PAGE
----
Since October, around 460 people have been killed and another 25,000 wounded in Iraq amid a brutal response to the protests by the security forces. In Lebanon, three people have been killed and hundreds injured, with violence peaking at the weekend. 

Egypt holds full-honors military funeral for Hosni Mubarak

Updated 8 min 25 sec ago

Egypt holds full-honors military funeral for Hosni Mubarak

  • The Republican Guard carried Mubarak’s casket wrapped in the Egyptian flag
  • To the outside world, Mubarak the strongman symbolized so much of Egypt’s modern history

CAIRO: Egypt was holding a full-honors military funeral Wednesday for the country’s former autocratic President Hosni Mubarak, who was for decades the face of stability in the Middle East but who was ousted from power in the 2011 Arab Spring uprising that swept much of the region.
A few dozen Mubarak supporters, clad in black and carrying posters of the former president, had gathered since morning hours at a mosque complex in an eastern New Cairo neighborhood, where Mubarak’s body was brought for the funeral service.
The Republican Guard carried Mubarak’s casket wrapped in the Egyptian flag.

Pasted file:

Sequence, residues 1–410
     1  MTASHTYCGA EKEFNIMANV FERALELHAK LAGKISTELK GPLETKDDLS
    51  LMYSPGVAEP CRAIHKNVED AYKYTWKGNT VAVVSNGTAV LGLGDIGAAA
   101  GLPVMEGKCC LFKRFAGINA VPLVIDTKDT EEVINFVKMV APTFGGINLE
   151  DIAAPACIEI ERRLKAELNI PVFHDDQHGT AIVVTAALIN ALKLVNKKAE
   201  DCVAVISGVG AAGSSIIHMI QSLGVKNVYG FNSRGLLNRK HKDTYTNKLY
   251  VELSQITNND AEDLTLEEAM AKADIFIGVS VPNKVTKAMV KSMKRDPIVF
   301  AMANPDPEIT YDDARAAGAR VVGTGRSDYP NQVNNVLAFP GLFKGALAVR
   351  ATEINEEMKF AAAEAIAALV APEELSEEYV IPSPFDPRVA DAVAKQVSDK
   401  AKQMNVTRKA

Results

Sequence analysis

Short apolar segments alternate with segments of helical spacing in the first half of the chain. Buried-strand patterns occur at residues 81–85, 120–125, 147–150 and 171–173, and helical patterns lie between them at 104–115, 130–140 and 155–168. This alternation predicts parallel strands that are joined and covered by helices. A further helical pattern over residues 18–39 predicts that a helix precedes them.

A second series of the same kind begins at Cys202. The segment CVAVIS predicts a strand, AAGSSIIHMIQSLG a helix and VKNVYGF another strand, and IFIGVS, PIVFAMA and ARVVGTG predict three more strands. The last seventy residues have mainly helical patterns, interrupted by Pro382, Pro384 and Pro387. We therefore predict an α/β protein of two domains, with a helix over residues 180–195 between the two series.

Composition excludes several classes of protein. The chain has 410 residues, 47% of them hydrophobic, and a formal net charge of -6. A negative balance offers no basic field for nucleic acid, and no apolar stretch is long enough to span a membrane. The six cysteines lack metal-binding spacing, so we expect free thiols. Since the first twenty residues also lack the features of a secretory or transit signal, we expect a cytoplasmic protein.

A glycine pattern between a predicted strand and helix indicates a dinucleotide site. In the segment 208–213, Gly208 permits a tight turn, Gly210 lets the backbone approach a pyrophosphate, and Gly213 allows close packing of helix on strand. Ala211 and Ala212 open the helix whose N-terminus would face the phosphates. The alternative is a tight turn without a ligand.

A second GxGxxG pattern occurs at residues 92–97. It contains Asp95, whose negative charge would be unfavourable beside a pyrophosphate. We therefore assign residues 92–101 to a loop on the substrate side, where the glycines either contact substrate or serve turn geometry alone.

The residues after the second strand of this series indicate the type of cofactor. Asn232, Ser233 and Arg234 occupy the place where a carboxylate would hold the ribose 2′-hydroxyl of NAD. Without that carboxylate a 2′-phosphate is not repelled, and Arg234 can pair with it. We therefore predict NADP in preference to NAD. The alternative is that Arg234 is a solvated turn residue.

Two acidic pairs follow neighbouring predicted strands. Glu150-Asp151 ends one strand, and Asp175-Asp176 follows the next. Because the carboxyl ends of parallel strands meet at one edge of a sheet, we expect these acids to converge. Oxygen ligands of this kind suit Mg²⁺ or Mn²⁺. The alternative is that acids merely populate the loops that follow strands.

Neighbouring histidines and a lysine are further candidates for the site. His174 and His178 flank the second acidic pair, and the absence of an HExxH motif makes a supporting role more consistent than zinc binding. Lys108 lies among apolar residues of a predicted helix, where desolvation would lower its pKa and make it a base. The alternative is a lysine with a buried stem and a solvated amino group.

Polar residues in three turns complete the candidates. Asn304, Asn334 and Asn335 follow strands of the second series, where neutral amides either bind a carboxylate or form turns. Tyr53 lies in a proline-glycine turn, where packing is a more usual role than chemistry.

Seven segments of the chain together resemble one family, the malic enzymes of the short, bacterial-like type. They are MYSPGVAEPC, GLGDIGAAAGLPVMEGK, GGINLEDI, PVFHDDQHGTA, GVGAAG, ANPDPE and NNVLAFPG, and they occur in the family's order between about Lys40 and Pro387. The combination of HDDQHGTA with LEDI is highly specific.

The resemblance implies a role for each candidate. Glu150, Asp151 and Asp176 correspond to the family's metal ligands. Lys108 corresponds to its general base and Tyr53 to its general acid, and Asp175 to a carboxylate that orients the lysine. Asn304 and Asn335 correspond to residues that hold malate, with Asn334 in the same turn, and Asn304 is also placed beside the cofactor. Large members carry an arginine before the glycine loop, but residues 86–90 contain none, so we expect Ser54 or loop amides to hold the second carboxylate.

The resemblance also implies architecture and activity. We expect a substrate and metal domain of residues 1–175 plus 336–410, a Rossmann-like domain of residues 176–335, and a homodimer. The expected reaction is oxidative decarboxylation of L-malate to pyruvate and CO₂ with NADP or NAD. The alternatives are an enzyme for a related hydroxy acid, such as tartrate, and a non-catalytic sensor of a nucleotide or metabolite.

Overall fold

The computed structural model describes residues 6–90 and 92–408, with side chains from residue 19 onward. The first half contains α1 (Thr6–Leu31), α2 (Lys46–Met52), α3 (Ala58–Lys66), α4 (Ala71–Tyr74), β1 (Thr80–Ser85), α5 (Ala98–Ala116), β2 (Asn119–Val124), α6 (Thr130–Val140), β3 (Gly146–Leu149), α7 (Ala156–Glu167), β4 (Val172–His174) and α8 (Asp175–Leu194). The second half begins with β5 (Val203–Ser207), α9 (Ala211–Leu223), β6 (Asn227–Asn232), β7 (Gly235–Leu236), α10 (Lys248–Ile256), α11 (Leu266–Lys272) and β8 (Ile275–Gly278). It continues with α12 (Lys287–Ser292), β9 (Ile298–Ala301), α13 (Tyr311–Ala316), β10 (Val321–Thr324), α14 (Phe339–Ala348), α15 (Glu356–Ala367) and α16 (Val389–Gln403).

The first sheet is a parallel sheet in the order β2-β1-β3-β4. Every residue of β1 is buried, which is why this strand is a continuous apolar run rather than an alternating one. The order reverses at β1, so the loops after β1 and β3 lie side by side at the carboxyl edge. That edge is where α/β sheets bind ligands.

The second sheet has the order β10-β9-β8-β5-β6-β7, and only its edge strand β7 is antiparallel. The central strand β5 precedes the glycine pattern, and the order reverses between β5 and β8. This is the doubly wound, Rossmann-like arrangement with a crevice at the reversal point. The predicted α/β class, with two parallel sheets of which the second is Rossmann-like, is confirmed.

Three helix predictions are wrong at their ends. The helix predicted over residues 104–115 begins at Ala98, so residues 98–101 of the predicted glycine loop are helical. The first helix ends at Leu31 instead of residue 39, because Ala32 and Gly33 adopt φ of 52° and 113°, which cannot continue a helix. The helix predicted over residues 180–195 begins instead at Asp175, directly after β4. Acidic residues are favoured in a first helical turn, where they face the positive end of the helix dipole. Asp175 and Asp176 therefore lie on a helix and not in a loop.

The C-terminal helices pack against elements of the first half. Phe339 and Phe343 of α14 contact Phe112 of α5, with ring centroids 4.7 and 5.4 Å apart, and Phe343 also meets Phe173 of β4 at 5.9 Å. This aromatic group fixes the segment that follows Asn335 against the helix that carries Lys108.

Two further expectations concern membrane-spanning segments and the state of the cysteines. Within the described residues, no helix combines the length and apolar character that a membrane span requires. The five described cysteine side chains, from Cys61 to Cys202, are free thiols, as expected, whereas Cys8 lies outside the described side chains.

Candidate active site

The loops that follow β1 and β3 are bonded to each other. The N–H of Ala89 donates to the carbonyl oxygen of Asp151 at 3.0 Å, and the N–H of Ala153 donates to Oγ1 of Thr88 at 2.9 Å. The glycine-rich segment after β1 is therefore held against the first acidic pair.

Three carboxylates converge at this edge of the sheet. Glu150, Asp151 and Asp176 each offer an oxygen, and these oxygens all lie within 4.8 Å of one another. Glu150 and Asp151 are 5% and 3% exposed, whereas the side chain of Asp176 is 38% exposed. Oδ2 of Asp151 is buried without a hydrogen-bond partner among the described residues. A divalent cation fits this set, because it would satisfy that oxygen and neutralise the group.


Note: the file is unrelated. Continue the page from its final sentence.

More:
The 91-year-old Mubarak died on Tuesday at a Cairo military hospital from heart and kidney complications, according to medical documents obtained by The Associated Press. He was admitted to hospital on Jan. 21 with intestinal obstruction and underwent surgery, after which he was treated in intensive care.
To the outside world, Mubarak the strongman symbolized so much of Egypt’s modern history but his rule of nearly 30 years ended after hundreds of thousands of young Egyptians rallied for 18 days of unprecedented street protests in Cairo’s Tahrir Square and elsewhere in 2011, forcing him to step down.
Perhaps ironically, Mubarak’s funeral service was held at the Tantawi Mosque in eastern Cairo, named for now retired Field Marshal Hussein Tantawi, who headed the military council that ran Egypt following Mubarak’s ouster and until the election of Islamist President Muhammed Morsi in 2012.
Egyptian President Abdel Fattah El-Sisi attended the service, which was to be followed later in the day by burial at the cemetery in Heliopolis, an upscale Cairo district that was Mubarak’s home for most of his rule and where he lived until his death.